Wednesday, April 6, 2011

Horsetail Weed つくし

Horsetail weed (Equinestum) seems to be a problem for many people, as my post about horsetails way back in 2009 is still the most viewed post of the blog.  So here is a little bit more information for those poor souls struggling with horsetail weeds.

Field horsetail has two types of hollow stems which grow from deep, creeping rootsocks.  The leafless or fertile stems are about one foot high (130cm) with a spore bearing cone at the top.  These emerge in early spring and die back soon after the spores are shed.  The sterile stems, two feet high (260cm), produce whorles of green leaf-like branches which die back by winter. Unfortunately, the rootstocks do not die back. The plants are maintained by small tubers that store food reserves and an extensive creeping rhizome system that penetrates to great depth in the soil. (From British Columbia's Ministry of Agriculture)

According to University of Wisconsin's Weed Science Department, horsetail is typically found in wet or acidic soils (that's us here in the Pacific NW), it is more productive in full sunlight, and its growth is significantly supressed by the shade of taller plants.

In Japan, the slender shoots of horsetail are the first delicacy of Spring and school children sing songs and draw cute little animated pictures of "tsukushi". When we moved to the States, I was astounded at the abundance of horsetail growing near my mom's rented farmhouse.  I took my children and gathered an armful, brought them back to the house and cooked them up.  Ick.  They were most definitely NOT the same variety of horsetail as the tender "tsukushi" we had collected at our previous home.

How to get rid of these tenacious weeds?  First, think non-chemical.  Horsetail weeds produce spores, but their main mode of reproduction is by their rhizomes.  If a rhizome is broken off from the main rhizome, it will start it's own root system. Undisturbed rhizomes usually don't bother to reproduce. So, DON'T DISTURB THE ROOTS.  Cut or burn the stems when they appear. Mow over them if you can. Fertilize and lime the soil (horestail does not respond to nitrogen). Plant grass that will choke them out. Plant tall plants in a patch of horsetails--that will both choke them and deprive them of sunshine.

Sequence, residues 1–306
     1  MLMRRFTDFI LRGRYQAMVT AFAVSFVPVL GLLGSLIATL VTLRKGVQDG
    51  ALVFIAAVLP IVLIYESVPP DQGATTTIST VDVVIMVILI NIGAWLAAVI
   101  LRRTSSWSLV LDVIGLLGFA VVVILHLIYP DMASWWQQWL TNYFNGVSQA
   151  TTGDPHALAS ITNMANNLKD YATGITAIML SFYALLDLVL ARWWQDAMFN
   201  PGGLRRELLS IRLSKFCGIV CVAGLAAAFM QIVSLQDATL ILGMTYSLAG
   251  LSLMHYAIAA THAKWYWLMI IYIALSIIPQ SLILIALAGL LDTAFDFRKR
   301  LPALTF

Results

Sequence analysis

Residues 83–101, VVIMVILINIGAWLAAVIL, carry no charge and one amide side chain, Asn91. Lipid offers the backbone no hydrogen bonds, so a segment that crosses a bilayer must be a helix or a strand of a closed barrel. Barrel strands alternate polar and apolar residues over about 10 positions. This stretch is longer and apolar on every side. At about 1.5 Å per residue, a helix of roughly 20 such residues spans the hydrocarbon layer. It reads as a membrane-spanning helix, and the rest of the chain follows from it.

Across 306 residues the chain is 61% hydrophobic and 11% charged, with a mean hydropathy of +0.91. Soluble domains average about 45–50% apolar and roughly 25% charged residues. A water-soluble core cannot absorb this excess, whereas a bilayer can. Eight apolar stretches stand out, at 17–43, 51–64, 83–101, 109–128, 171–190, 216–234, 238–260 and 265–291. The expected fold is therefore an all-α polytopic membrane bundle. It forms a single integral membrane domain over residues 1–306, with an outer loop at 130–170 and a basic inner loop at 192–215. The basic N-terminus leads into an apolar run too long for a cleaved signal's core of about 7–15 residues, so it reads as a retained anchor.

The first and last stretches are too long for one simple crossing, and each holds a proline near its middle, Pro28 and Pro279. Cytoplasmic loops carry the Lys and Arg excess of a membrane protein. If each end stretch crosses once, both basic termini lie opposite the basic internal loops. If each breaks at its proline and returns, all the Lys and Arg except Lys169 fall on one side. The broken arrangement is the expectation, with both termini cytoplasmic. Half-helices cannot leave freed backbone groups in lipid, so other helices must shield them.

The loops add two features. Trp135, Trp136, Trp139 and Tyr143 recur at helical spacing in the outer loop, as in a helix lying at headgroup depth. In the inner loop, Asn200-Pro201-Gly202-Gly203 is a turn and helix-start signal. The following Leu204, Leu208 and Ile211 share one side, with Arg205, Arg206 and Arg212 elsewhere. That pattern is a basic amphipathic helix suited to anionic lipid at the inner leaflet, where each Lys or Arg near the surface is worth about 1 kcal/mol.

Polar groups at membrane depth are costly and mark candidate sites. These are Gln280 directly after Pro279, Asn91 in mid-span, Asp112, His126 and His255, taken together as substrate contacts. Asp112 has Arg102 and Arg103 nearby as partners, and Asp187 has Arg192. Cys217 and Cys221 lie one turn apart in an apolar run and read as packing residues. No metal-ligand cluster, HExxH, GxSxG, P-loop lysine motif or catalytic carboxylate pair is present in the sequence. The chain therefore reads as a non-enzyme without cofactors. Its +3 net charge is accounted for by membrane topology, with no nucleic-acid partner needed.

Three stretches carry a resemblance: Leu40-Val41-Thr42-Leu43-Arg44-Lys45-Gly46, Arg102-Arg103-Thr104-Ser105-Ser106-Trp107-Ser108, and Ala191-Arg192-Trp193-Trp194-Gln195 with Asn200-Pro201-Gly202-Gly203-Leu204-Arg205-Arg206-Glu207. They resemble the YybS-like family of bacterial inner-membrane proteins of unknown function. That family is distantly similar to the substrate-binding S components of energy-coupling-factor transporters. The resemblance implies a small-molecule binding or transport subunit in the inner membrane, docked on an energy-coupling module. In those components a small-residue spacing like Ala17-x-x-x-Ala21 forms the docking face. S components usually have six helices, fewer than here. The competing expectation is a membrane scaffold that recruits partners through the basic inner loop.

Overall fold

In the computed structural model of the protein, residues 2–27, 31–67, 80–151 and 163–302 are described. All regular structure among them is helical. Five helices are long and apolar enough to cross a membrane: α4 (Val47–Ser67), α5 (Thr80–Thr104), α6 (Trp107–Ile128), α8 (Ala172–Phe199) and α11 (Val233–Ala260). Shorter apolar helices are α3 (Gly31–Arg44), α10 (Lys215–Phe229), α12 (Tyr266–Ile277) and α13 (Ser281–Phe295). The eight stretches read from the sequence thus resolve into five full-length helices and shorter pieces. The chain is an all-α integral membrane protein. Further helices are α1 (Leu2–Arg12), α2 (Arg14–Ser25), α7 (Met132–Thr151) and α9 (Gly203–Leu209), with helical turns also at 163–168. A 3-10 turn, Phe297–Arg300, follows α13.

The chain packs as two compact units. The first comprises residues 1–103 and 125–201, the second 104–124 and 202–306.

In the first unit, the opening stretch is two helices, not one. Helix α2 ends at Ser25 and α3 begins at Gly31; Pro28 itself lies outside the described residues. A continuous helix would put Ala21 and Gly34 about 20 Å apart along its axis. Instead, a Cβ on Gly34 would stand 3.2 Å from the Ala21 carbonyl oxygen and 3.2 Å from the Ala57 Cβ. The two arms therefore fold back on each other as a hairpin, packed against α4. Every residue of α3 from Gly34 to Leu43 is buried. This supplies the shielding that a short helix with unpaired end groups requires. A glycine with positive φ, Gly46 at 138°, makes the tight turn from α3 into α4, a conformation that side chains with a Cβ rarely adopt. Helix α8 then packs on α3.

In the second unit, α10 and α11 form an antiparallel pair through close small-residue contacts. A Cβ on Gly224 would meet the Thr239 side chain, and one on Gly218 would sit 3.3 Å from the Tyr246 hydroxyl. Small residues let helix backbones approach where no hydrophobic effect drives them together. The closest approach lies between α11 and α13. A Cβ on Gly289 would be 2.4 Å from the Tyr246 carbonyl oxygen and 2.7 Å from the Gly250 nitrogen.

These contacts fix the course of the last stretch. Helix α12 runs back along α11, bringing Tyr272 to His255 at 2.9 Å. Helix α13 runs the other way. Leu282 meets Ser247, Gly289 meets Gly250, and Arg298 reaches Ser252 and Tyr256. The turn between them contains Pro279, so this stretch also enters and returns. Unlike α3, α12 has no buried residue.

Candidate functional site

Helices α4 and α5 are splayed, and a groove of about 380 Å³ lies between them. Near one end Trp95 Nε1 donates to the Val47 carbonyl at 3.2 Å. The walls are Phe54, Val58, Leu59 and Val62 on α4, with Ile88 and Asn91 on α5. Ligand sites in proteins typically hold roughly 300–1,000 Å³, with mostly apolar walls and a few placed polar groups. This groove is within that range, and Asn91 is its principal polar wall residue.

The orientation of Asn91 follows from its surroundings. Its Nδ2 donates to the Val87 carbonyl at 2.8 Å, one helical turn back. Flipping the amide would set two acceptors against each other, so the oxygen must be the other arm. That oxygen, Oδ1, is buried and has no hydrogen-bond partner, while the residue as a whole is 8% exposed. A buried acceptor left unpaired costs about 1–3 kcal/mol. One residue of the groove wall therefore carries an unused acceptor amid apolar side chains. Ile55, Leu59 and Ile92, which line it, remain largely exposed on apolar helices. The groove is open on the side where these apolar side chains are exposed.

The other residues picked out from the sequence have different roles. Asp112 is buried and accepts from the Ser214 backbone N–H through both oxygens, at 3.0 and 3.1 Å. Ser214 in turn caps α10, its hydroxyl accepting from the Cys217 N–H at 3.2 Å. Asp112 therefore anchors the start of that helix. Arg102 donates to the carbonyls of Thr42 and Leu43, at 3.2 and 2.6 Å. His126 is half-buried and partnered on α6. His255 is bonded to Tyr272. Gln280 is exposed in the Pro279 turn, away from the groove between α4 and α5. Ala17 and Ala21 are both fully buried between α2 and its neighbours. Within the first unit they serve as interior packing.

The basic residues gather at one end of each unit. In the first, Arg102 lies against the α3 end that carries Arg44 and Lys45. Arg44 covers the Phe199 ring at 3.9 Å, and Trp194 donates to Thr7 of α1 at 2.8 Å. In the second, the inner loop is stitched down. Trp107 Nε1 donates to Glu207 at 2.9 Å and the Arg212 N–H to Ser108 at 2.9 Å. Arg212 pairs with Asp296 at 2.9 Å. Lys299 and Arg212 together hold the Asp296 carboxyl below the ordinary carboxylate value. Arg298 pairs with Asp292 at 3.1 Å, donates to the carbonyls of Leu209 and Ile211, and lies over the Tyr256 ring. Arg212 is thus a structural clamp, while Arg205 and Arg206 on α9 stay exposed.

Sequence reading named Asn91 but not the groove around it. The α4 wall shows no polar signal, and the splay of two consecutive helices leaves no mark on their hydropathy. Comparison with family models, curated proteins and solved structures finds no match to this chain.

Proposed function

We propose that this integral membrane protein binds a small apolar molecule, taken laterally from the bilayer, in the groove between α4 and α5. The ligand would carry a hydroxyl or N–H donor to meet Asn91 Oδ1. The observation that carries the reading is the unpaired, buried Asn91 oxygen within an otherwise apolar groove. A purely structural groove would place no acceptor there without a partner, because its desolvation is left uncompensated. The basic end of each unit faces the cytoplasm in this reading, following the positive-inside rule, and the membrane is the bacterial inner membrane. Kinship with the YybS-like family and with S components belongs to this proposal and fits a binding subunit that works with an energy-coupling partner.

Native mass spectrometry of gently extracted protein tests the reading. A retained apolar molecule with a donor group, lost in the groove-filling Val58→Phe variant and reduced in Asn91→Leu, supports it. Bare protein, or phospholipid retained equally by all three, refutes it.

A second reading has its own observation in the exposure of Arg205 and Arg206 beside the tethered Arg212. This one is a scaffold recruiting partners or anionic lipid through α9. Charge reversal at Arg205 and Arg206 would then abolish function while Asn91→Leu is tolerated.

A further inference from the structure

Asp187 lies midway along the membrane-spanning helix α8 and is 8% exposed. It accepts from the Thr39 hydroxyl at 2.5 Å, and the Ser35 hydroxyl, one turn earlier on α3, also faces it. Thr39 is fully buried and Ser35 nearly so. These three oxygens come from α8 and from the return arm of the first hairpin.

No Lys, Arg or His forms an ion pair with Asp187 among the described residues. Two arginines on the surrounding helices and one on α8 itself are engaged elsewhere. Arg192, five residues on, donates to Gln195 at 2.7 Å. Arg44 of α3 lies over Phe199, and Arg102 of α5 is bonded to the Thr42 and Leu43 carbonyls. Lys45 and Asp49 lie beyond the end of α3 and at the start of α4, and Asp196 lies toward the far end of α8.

If you have a large patch of horsetail, you can cover it with black plastic (put rocks on the plastic to hold it down), and it will suffocate and die in a year or two.  Heavy cardboard and straw will do the same, but it will need to be replaced as it decomposes. Sawdust and bark are ineffective.

If you are desperate and must have chemicals, you may be disappointed. Most herbicides have been found to be ineffective on horsetail. Round-up does not work. Triclopyr and glyphosate are ineffective. 2, 4-D is only partially effective. Dichlobenil is effective when applied mid-winter, before the stems emerge.  Washington State University has a more detailed article on herbicides here.  Be sure and READ THE LABEL of any herbicide or pesticide before using and only apply to the plants and sites listed.

Horsetail is also a powerful herb, containing silicic acid, calcium, potassium and aluminum salts. Historically, horsetail has been used to stop bleeding, repair broken bones and as an herbal remedy for arthritis.  There are many side effects if taken incorrectly, however, so you will need to consult with a qualified herbalist before using.






つくしは強いハーブです。ケイ酸、カルシウム、カリウムやアルミニウム塩が入っています。むかしは止血剤、骨折やリウマチの治療薬としてつくしを使いました。 Pin It

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